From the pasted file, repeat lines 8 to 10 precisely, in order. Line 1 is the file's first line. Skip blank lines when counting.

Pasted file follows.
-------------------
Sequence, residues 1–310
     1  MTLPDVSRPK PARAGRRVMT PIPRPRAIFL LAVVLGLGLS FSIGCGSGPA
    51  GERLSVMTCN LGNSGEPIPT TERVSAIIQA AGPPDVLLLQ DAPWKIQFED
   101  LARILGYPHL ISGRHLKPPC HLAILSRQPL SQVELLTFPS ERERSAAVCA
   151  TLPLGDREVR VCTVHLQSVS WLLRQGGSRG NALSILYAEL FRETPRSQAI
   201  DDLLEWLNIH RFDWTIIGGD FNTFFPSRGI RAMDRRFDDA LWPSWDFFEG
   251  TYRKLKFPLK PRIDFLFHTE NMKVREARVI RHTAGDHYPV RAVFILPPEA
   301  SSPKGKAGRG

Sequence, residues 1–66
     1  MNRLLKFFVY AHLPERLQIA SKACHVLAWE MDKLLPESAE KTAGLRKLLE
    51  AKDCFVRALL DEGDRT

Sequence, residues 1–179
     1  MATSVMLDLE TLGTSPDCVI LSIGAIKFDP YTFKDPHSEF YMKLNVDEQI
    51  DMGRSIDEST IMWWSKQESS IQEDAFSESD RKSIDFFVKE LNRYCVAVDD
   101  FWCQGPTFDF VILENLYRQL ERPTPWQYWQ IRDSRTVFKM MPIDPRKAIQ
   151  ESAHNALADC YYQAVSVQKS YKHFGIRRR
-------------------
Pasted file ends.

   301  SSPKGKAGRG

Sequence, residues 1–66
     1  MNRLLKFFVY AHLPERLQIA SKACHVLAWE MDKLLPESAE KTAGLRKLLE